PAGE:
Should the number of radiologist trainees be reduced to address an oversupply in the workforce? Not so fast, say the authors of a new paper in Radiology. They believe that correcting geographic imbalances could be a more effective strategy than a broad-based reduction in resident training spots.
The job market for newly minted radiologists has fallen on hard times. After a period in which radiologists were among the most sought-after specialists in healthcare, new radiologists for the past several years have had a difficult time finding jobs in their chosen areas. Many have opted for additional training to delay their entry into the workforce and make themselves more competitive.
The situation has led to calls to reduce the number of radiologists being trained, even amid signs that fewer medical students are choosing to enter radiology programs. To investigate workforce changes and better inform the debate, a team led by Dr. Andrew Rosenkrantz of NYU Langone Medical Center analyzed federal data to detect trends in radiologist employment (Radiology, October 28, 2015).
The researchers found that the number of radiology trainees in the U.S. grew 84.2% during the study period, from a low of 3,080 trainees in 1997 to 5,674 trainees in 2011. In addition, the total number of radiologists grew 39.2% over a slightly longer period, from 27,906 radiologists in 1995 to 38,875 radiologists in 2011.
That may seem like a big increase, but it's not out of line with overall growth in the healthcare workforce. In fact, the share of radiologists in the overall physician workforce actually declined by 8.8% over the study period, from 4.0% in 1995 to 3.7% in 2011. The number of radiologists per 100,000 population increased just slightly.
However, the study showed big geographic variations in the growth of the radiology workforce around the U.S. In general, rural regions tended to lose radiologists, while more urban areas tended to gain them. The percentage of radiologists in rural areas fell by 14.2%: In 2004, 9.5% of radiologists were practicing in rural areas, but in 2012 that number had fallen to 8.1%.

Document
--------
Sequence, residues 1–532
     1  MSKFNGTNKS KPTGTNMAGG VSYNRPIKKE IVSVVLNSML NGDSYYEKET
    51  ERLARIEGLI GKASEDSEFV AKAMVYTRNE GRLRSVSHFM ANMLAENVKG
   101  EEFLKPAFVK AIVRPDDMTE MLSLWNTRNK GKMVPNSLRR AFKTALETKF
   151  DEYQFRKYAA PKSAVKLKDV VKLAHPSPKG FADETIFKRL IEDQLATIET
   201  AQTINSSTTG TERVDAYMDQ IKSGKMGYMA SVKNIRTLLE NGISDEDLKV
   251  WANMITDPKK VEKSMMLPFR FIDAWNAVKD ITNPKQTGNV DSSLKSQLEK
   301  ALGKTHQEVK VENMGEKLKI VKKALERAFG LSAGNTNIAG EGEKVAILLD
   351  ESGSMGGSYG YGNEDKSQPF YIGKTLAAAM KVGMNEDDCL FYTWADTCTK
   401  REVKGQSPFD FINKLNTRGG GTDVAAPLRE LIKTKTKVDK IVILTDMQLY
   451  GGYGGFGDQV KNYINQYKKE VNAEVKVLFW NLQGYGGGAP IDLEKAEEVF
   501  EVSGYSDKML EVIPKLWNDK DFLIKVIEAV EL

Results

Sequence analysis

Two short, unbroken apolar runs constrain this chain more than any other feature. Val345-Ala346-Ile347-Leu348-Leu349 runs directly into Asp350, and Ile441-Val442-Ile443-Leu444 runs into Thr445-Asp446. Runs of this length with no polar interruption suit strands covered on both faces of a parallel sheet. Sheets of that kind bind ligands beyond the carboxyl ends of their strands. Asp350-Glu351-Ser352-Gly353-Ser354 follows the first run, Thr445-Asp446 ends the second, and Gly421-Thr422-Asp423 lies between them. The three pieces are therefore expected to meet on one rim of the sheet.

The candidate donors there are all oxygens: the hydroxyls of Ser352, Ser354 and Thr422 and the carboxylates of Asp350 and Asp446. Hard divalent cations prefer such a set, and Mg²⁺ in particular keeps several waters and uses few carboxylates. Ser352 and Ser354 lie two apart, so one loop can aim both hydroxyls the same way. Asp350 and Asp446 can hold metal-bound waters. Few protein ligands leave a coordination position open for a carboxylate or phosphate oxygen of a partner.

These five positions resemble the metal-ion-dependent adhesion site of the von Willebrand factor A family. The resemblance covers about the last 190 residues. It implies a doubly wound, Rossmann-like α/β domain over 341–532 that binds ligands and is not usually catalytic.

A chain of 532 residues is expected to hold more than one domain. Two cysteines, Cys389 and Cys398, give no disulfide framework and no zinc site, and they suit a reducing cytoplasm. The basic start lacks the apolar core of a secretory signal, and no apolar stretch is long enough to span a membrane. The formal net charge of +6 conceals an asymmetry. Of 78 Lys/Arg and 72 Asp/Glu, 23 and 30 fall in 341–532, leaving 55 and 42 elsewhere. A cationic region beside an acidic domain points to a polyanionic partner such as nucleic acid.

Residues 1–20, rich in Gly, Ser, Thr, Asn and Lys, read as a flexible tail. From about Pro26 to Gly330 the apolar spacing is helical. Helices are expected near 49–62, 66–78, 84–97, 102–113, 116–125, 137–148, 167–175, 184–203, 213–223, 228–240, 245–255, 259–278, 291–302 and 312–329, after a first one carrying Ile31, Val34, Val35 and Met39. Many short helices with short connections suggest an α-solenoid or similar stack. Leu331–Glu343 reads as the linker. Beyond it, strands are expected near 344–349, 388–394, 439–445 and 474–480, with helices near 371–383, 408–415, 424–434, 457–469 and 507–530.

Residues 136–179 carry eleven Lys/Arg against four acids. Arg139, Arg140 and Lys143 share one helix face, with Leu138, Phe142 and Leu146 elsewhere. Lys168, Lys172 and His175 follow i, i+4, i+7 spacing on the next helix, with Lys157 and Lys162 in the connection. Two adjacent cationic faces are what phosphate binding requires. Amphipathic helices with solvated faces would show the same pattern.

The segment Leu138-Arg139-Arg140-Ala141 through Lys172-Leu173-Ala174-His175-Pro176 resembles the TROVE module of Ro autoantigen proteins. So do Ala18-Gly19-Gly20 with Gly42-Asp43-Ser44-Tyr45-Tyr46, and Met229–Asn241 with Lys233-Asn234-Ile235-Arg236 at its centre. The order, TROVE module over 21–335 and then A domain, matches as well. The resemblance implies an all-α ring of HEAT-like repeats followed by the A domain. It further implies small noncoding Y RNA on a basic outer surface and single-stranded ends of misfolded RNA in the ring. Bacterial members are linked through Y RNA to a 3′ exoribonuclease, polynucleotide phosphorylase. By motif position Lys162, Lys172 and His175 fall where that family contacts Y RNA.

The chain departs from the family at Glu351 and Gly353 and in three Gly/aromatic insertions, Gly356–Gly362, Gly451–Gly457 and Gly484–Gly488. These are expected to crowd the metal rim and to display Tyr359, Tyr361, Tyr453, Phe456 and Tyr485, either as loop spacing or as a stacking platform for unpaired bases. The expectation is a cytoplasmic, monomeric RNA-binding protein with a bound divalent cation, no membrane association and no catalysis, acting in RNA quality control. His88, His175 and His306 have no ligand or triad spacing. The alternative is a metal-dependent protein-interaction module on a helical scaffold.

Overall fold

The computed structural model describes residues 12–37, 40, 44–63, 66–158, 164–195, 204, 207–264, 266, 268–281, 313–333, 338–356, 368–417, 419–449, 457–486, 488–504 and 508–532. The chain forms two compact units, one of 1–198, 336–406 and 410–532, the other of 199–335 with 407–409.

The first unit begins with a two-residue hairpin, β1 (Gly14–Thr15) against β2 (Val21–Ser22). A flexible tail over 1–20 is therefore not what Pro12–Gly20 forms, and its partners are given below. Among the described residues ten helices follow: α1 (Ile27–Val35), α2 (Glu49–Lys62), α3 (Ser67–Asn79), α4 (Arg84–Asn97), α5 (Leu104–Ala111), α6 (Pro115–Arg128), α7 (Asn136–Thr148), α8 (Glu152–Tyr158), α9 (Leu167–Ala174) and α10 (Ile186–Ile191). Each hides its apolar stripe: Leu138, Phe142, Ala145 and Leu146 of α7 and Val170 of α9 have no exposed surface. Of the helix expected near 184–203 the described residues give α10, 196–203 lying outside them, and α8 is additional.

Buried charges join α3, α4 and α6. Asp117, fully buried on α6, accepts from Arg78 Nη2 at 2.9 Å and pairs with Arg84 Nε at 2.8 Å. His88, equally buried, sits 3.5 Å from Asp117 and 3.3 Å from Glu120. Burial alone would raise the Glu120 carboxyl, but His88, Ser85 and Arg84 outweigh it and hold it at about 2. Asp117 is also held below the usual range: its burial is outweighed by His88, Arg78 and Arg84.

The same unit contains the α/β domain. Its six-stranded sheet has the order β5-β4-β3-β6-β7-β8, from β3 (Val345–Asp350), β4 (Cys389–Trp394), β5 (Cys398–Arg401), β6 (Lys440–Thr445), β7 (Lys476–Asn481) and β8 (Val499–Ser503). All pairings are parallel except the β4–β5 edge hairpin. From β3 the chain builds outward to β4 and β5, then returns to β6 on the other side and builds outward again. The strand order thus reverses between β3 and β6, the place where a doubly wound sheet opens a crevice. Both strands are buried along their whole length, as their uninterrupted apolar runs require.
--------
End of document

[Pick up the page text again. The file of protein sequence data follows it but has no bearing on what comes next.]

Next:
In addition, the group found evidence that fewer medical students are picking radiology: In 2011, 3.7% of all first-year postgraduate trainees were enrolled in a diagnostic radiology program, a number that fell to 2.7% just two years later, in 2013.
Taken together, these last two trends point toward a disturbing future in which some regions of the U.S. could actually see a shortage of radiologists, especially given a 2014 study that hinted at a rebound in imaging volume in 2011.
"If that one-year reversal represents the beginning of a trend, and imaging volumes again begin to rise, then radiologists' decreasing share of the overall physician workforce could likely adversely affect their ability to expand service capacity and result in regional, if not national, patient-access challenges," the authors wrote.
Given these broad trends, the authors proposed that efforts to balance the radiologist workforce should focus less on reducing residency spots and more on incentives to spur radiologists to work in more rural areas.
"Because of strong geographic variation in the U.S. radiologist workforce, efforts toward sensible geographic redistribution may be as appropriate, if not more appropriate, than efforts to adjust the overall national workforce size," the authors concluded.